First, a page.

In 1994, The Tibet Fund established the Khawachen Assistance Program (KAP), to address existing gaps in medical, educational, and economic needs of Tibetans in Tibet. Working primarily with local non-governmental organizations in Tibet, the KAP has launched small-scale programs to educate and care for orphans, offer scholarship opportunities for higher education, provide eye care and blindness prevention services, and help in emergency relief when natural disasters struck Tibet. We administered a US State Department-funded cultural exchange program for many years that enabled Tibetan scholars and professionals to study and gain internship experience in the U.S. The program has also provided college-level English language and computer skills training in Tibet.
Our Khawachen Assistance Program has provided urgently needed health care and support to organizations working in Tibet since 1994 through the following projects and activities.
Tibetan Medicine Factory: One of the KAP’s earliest and largest undertakings was to facilitate the construction of Tibetan medicine factory in Toelung Dechen. It produced a wide range of Tibetan medicines, some of which were internationally distributed. When Chinese authorities forbade any engagement in business ventures, the medicine factory was later sold.
Jinpa Project: KAP supported Jinpa Project, which established large-scale projects in Yushu Tibetan Autonomous Prefecture, including schools, health clinics, nomad camps, and elder care.
Scholarships for Medical Students: The Tibet Fund supported two students studying for four years to become Tibetan medicine physician in Tibet. One of them successfully obtained the degree and is currently working in a village in Shigatse.
Eye Care Program: In 1999, The Tibet Fund provided funds of $180,000 to construct Lhasa Eye Center and purchase necessary equipment. In collaboration with Nepal’s Tilganga Eye Center and Seva Foundation, we sponsored several surgical eye camps in Tibet where cataract removal operations were conducted on hundreds of Tibetans living in remote areas. Several Tibetan doctors received surgical training at Tilganga Eye Center in Kathmandu, Nepal. Seva Foundation helped organize a seminar on “Blindness in Tibet” and partnered Nepal Tilganga Eye Center for organizing another seminar in Kathmandu for 17 medical professionals from Tibet and 40 non-Tibetan eye specialists. A KAP grant helped treat cataract blindness in Tibetans in the Amdo region. A grant of $10,000 from Eye Surgery Fund supported the purchase of equipment for a new 36-bed Cataract Treatment Center in Xining, Qinghai.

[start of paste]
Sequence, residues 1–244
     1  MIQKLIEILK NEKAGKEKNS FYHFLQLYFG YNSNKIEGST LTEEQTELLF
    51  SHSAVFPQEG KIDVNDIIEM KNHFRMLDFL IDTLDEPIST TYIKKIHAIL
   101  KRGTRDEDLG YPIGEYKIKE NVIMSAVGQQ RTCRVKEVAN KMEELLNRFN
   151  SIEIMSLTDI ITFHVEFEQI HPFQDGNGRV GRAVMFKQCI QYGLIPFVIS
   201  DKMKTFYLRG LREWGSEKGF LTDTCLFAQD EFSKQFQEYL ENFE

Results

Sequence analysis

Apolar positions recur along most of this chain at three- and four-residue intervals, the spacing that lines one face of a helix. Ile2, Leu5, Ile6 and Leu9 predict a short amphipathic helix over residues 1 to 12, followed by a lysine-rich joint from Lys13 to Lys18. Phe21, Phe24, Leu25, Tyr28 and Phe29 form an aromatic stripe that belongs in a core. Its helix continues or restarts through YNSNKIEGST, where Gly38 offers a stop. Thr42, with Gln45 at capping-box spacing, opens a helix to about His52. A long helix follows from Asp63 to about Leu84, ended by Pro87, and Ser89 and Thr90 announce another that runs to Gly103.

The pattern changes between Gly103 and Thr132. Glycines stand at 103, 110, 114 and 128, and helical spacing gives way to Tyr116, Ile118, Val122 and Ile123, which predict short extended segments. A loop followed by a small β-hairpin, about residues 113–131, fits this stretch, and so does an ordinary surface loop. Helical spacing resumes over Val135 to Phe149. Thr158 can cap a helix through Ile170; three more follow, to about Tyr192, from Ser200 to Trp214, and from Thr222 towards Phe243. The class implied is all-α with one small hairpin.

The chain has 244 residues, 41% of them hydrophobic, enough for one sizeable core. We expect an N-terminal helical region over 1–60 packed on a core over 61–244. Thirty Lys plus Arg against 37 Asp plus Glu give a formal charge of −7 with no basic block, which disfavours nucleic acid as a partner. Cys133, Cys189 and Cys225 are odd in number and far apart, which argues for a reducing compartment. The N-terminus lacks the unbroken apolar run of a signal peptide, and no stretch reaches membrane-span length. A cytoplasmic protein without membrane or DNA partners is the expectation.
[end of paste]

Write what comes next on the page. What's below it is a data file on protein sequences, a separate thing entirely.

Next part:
The Tibet Fund has worked to create opportunities and scholarships with the help of US-funded programs and private donations to support Tibetan students pursuing higher education and professional training opportunities in Tibet and the US. Khawachen Assistance Program (KAP) in Tibet successfully implemented following education projects and initiatives that have opened a gateway of opportunities for the Tibetan students and enhanced their future prospects for purposeful lives:
Study in the US
Between 1997 and 2011, The Tibet Fund brought promising Tibetan students from Tibet to study in the US. Through Ngawang Choephel Fellowship Program, we funded a total of 96 students from Tibet to study in different colleges and universities in the United States. A partnership between Qinghai Tibetan Medical College and three American universities—John Hopkins University, Brandeis University and the University of Wisconsin—resulted in context-based English language training program for 20 students in Qinghai and later four top students came to the US to study. In 2008-2009, we administered two semesters of English language training at Qinghai Tibetan Medical College for 20 students and enabled seven students to come to the US for one-year certificate programs in English at various colleges and institutes.
Language and Computer Training